Do You Prosper, or Falter, In The Clutch?
You see examples of this everywhere, from Kobe to Jeter and the greats of old, to your favorite e-sports stars and in pretty much any territory where stressful situations can impact performance. "Daaamn that was clutch!" We hear it all the time, from fans, casual players, outsiders that hardly understand the game, but one thing they seem to understand easily above all, is when something stressful and tense is about to break, everyone's breath is baited, and time seems to slow to a crawl.
All of those endorphins rushing through the entire crowd, through yourself and your loved ones...imagine what the competitor is feeling? There's no surprise that so many records are broken at the Olympics, a high-intensity, high stress, highly publicized event with high prestige as something you drive to do well at. The same could be said about the NBA Final Four, NHL Playoffs, Major E-sports competitions, and to an extent, even down to things like high school sporting events, even things like high school sporting events, everyone handles stress in different ways, I imagine a high school student on a football team could even potentially feel like there's more eyes on them than a professional in the NFL.
Is there something that some competitors possess, that allows them to perform at higher than thought possible levels, while under tantamount levels of stress? Something that clicks in the brain or nervous system, almost like a shot of adrenaline giving them the power needed to stay aware and execute what they need to in that time of stress. Personally, I feel like I've experienced multiple clutch situations myself, where I thought I was doomed, that I had less than a one percent chance of walking away victorious. It's a high, this is why I equate it to adrenaline or similar, it feels like being chased by cops, it feels like your flesh is burning, like the world is on your shoulders. If you pull through though, the reward is immense, you might even want to cry it's so intense, you didn't think you could do it, after all.
If we want to talk about clutch, though, we have to talk about the opposite of clutch, choking. This is letting that burning, swelling, constricted and claustrophobic feeling while in the clutch, and letting it consume you, your performance falls apart, you don't even feel like you did when you started, and you're burnt out. I've been here too, like all your effort is for naught. Like you let down everyone that was watching, including yourself. This has happened to me at a major video game tournament, and it killed my mood the entire rest of the weekend, because I know I could have done so much better than that.
Apparently, this sort of phenomena is completely up for date at the moment. A piece taken from Psychology Today states;
"According to psychologist Tim Woodman, "when people are low in cognitive anxiety, or low in worry, the difference between their best performance and their worst performance is not very big. They can perform pretty well, but it's not fantastic, and it's not crap. But if you put them in a very high-worry situation, like Olympic Games, what you find is that their best performance is significantly better than before and their worst performance is significantly worse. So what that tells you is that when you're under a very high-stress situation, you either perform very well or very badly."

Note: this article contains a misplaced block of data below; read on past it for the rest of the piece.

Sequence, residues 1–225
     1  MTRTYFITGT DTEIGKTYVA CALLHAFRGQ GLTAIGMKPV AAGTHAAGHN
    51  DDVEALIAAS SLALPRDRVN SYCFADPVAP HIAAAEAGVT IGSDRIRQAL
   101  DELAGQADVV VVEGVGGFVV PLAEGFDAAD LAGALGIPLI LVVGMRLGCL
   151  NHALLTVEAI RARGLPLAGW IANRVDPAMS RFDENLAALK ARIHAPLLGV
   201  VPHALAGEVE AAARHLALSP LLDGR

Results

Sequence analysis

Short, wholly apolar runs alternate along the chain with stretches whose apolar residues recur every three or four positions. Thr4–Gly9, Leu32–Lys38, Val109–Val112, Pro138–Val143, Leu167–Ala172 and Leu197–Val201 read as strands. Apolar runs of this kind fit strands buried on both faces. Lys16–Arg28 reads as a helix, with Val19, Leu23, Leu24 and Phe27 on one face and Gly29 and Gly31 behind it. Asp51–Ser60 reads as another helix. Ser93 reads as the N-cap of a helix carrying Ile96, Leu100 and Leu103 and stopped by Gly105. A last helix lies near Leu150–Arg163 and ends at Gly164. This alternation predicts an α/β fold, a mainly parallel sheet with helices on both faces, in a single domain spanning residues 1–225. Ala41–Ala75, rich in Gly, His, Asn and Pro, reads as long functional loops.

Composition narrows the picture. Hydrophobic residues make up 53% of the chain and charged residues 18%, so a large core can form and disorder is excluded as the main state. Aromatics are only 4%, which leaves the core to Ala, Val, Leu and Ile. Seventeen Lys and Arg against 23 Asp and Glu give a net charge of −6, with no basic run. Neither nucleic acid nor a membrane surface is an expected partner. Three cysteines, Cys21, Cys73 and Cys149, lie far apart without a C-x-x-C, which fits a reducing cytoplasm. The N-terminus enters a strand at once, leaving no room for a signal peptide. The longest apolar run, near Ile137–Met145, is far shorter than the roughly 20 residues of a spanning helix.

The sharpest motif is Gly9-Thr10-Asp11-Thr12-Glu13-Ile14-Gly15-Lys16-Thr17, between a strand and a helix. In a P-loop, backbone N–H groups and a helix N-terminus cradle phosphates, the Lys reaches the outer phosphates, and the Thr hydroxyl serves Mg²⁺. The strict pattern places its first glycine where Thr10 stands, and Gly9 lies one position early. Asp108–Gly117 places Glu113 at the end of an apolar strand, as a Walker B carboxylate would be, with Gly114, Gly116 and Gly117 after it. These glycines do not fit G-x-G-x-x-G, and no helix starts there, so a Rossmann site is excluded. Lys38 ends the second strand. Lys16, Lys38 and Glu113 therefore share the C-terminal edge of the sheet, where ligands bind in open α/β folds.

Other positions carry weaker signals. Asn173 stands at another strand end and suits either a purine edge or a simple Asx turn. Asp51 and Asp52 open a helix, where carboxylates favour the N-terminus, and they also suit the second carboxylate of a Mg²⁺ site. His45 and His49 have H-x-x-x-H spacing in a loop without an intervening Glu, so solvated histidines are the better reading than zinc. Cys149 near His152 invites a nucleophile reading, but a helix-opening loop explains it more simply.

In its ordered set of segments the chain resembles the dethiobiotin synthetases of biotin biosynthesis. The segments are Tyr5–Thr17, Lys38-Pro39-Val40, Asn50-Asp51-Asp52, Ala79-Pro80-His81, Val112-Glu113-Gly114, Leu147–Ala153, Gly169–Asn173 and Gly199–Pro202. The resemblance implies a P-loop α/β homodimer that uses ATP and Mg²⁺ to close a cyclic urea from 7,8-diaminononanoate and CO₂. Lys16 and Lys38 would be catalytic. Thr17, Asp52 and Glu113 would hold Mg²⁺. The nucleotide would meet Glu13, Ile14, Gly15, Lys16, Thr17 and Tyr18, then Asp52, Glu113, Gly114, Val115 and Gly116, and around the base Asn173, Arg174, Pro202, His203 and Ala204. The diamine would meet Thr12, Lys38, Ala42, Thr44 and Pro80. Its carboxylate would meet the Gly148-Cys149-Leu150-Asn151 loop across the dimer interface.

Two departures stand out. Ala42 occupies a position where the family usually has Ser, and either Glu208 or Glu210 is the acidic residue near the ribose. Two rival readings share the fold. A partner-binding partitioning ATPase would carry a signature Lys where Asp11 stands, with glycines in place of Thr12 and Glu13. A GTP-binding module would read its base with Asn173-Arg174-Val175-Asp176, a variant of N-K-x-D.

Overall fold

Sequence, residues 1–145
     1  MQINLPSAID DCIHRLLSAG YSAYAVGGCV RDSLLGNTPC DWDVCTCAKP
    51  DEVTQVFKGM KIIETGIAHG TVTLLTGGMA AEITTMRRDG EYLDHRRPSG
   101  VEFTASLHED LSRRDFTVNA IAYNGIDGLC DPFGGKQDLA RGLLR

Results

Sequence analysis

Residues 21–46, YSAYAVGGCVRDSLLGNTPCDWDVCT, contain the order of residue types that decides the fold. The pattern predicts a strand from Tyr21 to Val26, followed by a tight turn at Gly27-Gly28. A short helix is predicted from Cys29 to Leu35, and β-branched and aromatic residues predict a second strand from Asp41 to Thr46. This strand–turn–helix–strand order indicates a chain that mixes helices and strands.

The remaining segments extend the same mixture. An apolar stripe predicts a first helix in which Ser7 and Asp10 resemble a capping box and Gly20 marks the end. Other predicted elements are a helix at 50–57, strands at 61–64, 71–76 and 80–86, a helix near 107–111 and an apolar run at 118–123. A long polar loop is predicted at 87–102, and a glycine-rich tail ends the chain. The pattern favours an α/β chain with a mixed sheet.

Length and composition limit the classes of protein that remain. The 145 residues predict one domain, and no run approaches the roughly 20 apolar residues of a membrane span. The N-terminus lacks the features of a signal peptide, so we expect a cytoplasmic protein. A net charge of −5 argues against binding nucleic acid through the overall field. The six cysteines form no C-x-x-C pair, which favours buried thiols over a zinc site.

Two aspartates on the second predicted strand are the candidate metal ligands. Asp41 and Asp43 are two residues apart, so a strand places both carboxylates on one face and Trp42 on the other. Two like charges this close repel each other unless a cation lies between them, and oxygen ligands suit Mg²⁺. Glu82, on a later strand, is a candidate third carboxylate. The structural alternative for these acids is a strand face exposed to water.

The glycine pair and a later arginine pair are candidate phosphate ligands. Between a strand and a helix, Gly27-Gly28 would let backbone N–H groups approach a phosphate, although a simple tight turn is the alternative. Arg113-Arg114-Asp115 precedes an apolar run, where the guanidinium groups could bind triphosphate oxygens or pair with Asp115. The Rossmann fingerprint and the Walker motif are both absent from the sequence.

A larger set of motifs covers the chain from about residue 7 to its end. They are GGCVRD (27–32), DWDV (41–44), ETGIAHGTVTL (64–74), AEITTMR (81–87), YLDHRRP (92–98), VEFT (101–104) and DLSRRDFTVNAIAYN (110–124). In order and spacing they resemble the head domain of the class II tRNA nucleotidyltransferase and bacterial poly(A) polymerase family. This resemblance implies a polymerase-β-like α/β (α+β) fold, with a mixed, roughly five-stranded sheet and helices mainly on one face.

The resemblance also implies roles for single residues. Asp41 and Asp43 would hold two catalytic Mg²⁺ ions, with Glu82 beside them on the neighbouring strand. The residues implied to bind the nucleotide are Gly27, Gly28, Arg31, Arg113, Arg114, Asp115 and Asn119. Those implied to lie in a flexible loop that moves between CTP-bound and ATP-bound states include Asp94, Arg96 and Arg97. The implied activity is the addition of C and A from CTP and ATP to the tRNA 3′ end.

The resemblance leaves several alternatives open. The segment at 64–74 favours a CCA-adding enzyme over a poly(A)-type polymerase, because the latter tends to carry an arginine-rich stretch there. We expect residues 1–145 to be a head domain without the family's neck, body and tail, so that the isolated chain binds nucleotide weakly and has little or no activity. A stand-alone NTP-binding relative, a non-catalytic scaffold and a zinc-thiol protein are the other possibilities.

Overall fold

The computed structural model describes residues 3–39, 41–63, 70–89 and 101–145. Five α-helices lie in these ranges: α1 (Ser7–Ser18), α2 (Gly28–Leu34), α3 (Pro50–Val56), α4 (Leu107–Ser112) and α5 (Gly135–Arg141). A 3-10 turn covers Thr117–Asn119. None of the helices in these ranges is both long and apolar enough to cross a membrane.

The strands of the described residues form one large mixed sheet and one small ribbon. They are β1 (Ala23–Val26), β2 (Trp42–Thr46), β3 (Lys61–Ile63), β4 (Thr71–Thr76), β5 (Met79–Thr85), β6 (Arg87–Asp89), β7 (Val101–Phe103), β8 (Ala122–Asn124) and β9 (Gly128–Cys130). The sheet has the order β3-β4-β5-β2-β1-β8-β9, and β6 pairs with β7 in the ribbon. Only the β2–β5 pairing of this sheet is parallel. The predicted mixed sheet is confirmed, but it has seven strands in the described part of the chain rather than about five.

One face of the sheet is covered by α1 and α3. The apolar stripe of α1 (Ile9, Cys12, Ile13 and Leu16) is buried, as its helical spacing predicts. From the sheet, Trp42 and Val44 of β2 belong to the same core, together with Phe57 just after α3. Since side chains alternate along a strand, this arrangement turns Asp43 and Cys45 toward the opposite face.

In another section just under it, the article explains that what it probably comes down to is proficiency outside of stress, highly trained skills seem to prosper under stress, and not trained as well ones, fall apart. We also have to take into account individual performance vs team dynamics. I would love to explore this more in my own research throughout my college years.
So at the end of the day, it sounds to me like clutch is really about being able to perform better under highly anxious situations, to keep yourself baseline while in such a difficult spot. Have you ever been in a clutch situation? Did you clutch it out, or did you do the inverse, did you fall to the pressure and choke? Tell me about it.
Image Credit: NBA*
A bit of reduplication here :P
I once had a case where a stupid adult girl didn't keep her dog's leash tight, though she saw I was coming, it was a very last moment thing when her dog suddenly run toward the front of the car, and I guess I panicked cos I stepped on the gas instead of the breaks! (cos that was where my foot was and I guess I forgot) Nothing happened, cos I was going slowly, but I was feeling bad the whole week. The mere thought that I could've killed or severely injured a dog made me feel terrible. I hated that girl the whole week.
You're not wrong, I wrote this up when I was in a pretty fucky headspace and just needed to do something to keep my brain in my skull. Glad you didn't hit the dog.